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uses of dc and ac relay in an inverter

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Apr 20, 2015
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How can I connect DC and ac relay to my inverter for auto switching.


a relay has a coil and contacts.

If you want the relay to switch, then you have to connect the voltage to the coil connections. Usually there is a printing on the relay what voltage and wether AC or DC to use.

Connect the relay contacts to wires of your inverter wherever you need it.

If you expect a more specific answer, then you need to give us more specific informations first.


get a big power relay with a 120 vac coil. Like a 4PDT 35 amp relay

When the inverter comes on, have it energize the coil to swtich the relay.

For example here each contact point can handle 35 amps AC 120v. this one will give you 4 poles double throw.
You could gang them together to get 70 amps for a hot and neutral transfer switching. Most inverters though, will not be such high powered.

So you have inverter and grid power as inputs, and the output goes to the desired circuit.
Just remember, in a home electric panel, neutral and ground are joined at the distribution panel, so to use this relay as an auto transfer switch, the inverter in a home must be able to have a grounded neutral.
An RV or boat does not have a grounded neutral, so you can use an inverter with a floating neutral with 60vac on the white wire, 60 vac on the black wire.

You can also cascade two of these relays together so that you can have automated switching of three sources, grid, inverter, generator feeding the distribution panel as an outlet. Each additional relay would add another source, so you could switch from as many sources as you want.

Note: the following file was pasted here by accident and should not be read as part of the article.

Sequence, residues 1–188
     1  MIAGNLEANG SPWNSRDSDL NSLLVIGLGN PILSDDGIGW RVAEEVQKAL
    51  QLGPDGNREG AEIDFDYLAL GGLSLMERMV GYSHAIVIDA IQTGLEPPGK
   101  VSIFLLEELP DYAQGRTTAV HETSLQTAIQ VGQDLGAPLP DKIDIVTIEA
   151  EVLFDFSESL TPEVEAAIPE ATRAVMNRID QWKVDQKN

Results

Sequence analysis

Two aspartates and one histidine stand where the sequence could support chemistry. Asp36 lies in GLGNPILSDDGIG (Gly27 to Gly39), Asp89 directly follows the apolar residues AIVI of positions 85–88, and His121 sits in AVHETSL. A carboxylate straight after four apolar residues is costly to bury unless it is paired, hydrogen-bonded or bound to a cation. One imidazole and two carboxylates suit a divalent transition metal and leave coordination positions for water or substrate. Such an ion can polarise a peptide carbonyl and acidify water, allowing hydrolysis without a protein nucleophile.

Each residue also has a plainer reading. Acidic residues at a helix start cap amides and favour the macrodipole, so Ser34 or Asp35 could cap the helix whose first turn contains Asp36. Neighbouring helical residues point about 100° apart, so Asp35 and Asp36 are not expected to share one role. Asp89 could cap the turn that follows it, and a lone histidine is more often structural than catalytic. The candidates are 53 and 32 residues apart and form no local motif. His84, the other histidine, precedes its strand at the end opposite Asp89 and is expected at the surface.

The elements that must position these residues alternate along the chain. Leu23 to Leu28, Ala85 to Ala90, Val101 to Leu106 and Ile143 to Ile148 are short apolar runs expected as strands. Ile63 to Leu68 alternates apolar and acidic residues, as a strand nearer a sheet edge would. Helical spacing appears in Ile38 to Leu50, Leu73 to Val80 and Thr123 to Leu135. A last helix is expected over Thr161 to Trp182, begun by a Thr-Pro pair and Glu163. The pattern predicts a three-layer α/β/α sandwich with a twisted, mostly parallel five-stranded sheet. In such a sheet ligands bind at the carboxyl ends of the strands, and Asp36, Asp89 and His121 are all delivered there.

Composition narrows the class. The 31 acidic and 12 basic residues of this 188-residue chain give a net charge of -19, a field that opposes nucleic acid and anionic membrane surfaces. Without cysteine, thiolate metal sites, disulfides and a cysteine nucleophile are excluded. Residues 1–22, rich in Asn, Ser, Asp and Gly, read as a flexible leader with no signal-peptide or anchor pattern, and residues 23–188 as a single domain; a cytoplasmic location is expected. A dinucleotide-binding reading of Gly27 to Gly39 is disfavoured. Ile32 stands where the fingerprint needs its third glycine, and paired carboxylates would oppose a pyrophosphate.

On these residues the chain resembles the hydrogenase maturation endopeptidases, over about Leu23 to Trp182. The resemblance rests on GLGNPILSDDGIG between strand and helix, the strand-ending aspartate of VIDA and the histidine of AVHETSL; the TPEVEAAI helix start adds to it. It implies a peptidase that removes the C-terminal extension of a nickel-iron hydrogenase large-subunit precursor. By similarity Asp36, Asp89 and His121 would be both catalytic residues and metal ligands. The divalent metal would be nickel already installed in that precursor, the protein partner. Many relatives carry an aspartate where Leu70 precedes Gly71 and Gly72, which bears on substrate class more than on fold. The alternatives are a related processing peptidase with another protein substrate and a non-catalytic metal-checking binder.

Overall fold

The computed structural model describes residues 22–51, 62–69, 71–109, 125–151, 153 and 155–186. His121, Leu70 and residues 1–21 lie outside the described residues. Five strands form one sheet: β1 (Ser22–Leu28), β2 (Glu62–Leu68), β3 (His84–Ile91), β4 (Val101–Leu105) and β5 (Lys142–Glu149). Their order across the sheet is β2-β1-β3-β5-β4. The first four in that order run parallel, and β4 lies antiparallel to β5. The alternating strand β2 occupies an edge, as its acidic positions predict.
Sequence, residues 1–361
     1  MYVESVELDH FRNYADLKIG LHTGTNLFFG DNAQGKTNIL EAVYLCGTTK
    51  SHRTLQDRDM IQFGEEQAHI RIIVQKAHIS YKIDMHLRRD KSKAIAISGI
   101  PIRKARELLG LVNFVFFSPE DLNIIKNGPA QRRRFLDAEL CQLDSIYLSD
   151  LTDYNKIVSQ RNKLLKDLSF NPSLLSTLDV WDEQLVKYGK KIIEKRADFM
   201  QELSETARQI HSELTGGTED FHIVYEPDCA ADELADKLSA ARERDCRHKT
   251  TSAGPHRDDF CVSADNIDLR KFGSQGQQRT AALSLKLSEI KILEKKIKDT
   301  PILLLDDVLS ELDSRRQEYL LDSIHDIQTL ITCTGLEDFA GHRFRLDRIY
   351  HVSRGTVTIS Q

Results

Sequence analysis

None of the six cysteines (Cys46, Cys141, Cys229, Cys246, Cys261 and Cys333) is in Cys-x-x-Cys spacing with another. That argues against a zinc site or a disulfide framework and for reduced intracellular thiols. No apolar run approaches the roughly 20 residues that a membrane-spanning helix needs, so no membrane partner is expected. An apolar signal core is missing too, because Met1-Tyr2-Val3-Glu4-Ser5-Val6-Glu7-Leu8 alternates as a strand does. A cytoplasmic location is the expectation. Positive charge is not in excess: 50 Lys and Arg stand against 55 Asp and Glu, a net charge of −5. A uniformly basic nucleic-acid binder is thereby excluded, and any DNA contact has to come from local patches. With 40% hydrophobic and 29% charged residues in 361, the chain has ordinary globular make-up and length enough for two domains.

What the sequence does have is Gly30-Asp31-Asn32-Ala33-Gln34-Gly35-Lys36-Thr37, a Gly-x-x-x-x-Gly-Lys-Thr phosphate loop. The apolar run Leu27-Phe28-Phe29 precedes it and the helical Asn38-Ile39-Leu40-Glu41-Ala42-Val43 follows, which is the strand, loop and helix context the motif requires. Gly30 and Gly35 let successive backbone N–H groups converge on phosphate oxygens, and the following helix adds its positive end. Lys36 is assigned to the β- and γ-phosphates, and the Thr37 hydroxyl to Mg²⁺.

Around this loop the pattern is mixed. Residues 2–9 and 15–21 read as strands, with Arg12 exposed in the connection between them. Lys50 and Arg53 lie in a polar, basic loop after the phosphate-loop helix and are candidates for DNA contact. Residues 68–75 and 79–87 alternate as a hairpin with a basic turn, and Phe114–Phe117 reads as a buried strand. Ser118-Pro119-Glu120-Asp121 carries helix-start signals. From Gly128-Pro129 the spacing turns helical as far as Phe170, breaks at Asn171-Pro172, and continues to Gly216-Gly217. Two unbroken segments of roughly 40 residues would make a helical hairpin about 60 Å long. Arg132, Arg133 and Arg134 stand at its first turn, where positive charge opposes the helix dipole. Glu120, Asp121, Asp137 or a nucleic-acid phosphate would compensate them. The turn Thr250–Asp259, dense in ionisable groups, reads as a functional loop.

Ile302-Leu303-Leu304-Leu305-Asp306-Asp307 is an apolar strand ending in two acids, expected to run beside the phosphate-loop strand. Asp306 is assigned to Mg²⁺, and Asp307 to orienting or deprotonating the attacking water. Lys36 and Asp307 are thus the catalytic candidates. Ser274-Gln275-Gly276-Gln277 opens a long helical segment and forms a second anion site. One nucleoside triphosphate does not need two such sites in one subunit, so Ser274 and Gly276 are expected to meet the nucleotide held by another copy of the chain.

Here for example, I made this box and setup two relays to switch between gen, shore, inverter.
I actually drive the AC relay coils using 15 to 17 vdc from wallwarts. Makes them totally silent no buzz. And I added several lockout relays to absolutely make sure a power relay cant possibly come on when it should not, not that it would ever interconnect.
Even a stuck relay will not allow two sources to interconnect at the same time. Not that they stick, but if it dd stick one way, then when the relay coil changes to on or off, the relay arm would not move. What my additional lockout relays do, is if the gen tries to run, it turns off the power to the relay coil for inverter - gen switching, breaks the relay coil circuit, so auto selects for gen power, even if the inverter is on.

If the grid power switch is on, it also prevents the inverter from powering on the right side relay, it breaks the coil circuit.
So the right side relay switches between gen and inverter, and the left side relay switches between shore and the right sided relay's output.
It all works very well.


This relay box lets me do automatic and manual switching between three power sources and twin 30 amp shore power inputs on the boat.
I have various switches up at the helm to turn on and off relays. these relays switch hots and neutrals together.

- - - Updated - - -

Adding some more as I keep thinking of how I did this.

These relays switch hots and neutrals together, two entirely separate power circuits of hot and neutral.
I ganged together the inverter and the gen so that they energize both sides hots and neutrals are shared, those being single sources. The shore power cables though being twin 30 am discrete sources dont share them.

I did recently add a DPDT switch to join the 2 hots and 2 neutrals on the output of the left power relay. This because my current marina I only have single 30 amp power. So then the entire electric distribution panel can work with a single input from a single shore cable. I have to keep one of the 30 amp circuit breakers for the other 30 amp shore power input off, otherwise the prongs inside the covered outlet would have live power on them. The switch I used is a 30 amp DPDT with a pullout key. The shore line breaker box is lockable, so it is securable against mischief of someone fiddling with the power arrangement.
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